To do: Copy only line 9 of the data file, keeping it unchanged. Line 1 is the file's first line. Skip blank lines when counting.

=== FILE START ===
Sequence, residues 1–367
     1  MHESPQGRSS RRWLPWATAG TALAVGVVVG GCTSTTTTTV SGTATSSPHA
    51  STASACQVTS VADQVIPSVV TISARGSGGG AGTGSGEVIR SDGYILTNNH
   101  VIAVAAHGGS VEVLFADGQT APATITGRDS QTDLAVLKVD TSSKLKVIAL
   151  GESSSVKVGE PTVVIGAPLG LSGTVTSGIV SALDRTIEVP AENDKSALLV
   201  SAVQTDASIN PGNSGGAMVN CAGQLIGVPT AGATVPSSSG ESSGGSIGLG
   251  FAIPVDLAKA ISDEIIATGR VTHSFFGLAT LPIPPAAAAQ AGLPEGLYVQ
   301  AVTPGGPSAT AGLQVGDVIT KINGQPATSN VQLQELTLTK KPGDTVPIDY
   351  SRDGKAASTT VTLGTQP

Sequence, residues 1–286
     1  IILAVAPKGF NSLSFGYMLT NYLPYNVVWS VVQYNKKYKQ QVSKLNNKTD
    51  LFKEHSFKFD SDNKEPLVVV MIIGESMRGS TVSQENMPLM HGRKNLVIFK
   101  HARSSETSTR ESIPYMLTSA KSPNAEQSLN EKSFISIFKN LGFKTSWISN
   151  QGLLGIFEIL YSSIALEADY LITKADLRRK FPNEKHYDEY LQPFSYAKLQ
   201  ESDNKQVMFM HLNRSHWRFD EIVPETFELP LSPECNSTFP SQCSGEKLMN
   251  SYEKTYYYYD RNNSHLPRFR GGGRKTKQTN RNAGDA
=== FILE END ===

   351  SRDGKAASTT VTLGTQP